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Published September 21, 2012 | Published
Journal Article Open

Perspective Distortion from Interpersonal Distance Is an Implicit Visual Cue for Social Judgments of Faces


The basis on which people make social judgments from the image of a face remains an important open problem in fields ranging from psychology to neuroscience and economics. Multiple cues from facial appearance influence the judgments that viewers make. Here we investigate the contribution of a novel cue: the change in appearance due to the perspective distortion that results from viewing distance. We found that photographs of faces taken from within personal space elicit lower investments in an economic trust game, and lower ratings of social traits (such as trustworthiness, competence, and attractiveness), compared to photographs taken from a greater distance. The effect was replicated across multiple studies that controlled for facial image size, facial expression and lighting, and was not explained by face width-to-height ratio, explicit knowledge of the camera distance, or whether the faces are perceived as typical. These results demonstrate a novel facial cue influencing a range of social judgments as a function of interpersonal distance, an effect that may be processed implicitly.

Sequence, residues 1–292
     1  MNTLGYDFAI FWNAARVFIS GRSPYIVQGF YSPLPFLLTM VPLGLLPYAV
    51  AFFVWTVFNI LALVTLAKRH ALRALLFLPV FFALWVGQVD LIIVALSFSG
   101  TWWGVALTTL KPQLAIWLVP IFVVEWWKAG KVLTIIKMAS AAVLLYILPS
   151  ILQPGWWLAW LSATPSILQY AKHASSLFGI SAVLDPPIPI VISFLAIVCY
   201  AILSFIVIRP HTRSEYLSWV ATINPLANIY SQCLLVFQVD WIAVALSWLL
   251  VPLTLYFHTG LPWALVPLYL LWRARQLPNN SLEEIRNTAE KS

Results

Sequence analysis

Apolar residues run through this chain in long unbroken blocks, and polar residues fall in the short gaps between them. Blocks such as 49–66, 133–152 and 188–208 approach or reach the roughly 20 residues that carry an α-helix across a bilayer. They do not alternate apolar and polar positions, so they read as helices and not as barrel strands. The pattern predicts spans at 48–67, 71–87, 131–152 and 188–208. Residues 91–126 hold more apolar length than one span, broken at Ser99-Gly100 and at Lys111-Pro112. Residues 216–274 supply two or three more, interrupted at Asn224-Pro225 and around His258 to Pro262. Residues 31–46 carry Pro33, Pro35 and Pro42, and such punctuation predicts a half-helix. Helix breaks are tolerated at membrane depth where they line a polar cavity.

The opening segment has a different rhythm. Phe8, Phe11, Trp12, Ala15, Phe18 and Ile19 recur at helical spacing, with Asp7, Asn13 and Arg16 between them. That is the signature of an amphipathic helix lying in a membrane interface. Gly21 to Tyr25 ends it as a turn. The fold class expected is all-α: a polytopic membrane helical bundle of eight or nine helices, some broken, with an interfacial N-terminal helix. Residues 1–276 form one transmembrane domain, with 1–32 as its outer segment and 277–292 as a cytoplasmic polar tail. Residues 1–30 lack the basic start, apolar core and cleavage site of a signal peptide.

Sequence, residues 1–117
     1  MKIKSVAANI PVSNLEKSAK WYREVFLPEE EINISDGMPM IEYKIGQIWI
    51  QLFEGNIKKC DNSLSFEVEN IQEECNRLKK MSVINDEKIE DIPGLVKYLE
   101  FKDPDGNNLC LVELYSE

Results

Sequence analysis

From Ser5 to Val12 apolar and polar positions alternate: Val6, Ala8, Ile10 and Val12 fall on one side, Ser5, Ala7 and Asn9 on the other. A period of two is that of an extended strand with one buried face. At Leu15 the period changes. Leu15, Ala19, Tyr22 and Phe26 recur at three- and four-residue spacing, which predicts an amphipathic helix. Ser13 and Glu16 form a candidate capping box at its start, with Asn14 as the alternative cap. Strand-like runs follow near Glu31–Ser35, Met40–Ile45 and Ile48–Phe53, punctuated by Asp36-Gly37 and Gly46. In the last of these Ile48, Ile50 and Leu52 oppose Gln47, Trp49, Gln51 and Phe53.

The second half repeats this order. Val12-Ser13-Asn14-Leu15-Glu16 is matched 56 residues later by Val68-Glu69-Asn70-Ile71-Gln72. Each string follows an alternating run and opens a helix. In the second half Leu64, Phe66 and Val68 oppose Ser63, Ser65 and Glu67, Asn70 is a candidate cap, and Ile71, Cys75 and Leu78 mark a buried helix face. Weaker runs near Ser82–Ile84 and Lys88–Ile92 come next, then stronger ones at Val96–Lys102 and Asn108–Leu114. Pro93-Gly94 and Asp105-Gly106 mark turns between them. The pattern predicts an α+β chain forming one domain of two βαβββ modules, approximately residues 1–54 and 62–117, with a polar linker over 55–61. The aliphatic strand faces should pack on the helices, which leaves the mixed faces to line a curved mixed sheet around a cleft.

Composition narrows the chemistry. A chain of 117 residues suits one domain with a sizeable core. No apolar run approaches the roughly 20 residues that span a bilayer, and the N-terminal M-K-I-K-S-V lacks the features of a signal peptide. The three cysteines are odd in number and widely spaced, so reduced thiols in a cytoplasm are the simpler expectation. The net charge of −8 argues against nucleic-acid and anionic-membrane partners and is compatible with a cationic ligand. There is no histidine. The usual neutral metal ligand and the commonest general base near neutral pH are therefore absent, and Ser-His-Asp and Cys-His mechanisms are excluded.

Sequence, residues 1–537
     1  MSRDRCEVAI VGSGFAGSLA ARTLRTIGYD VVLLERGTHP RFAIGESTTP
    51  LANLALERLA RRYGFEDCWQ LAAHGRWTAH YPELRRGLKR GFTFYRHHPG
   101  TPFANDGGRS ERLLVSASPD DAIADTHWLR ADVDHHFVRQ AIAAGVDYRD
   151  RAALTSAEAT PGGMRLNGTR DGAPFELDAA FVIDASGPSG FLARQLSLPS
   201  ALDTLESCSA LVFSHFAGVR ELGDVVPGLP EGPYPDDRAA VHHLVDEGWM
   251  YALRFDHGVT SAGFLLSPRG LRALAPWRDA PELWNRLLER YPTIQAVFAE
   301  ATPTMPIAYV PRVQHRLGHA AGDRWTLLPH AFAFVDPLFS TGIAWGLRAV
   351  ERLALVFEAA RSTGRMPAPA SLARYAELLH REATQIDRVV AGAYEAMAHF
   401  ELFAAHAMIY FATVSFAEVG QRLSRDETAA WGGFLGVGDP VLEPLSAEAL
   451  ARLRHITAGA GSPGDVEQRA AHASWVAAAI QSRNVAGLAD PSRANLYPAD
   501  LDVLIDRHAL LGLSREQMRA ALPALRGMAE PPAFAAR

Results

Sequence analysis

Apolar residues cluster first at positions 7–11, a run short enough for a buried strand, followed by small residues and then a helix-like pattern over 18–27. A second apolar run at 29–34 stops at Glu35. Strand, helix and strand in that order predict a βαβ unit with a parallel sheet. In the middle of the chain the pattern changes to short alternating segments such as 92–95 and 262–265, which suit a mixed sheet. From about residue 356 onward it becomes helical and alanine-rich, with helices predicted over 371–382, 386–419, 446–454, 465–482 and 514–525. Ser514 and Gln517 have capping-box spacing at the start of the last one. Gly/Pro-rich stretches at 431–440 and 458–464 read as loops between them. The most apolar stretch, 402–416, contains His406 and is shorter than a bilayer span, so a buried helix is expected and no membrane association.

Additional Information

© 2012 Bryan et al. This is an open-access article distributed under the terms of the Creative Commons Attribution License, which permits unrestricted use, distribution, and reproduction in any medium, provided the original author and source are credited. Received April 27, 2012; Accepted August 20, 2012; Published September 21, 2012. Editor: Tiziana Zalla, Ecole Normale Supérieure, France. Funding: Funded by grants from National Institutes of Health and the Moore Foundation (R.A.). The funders had no role in study design, data collection and analysis, decision to publish, or preparation of the manuscript. Competing Interests: The authors have declared that no competing interests exist. We thank Kathy Lawrence and Pranay Kothari for help with data collection. Author Contributions: Conceived and designed the experiments: RB PP RA. Performed the experiments: RB. Analyzed the data: RB. Contributed reagents/materials/ analysis tools: RB RA PP. Wrote the paper: RB PP RA.

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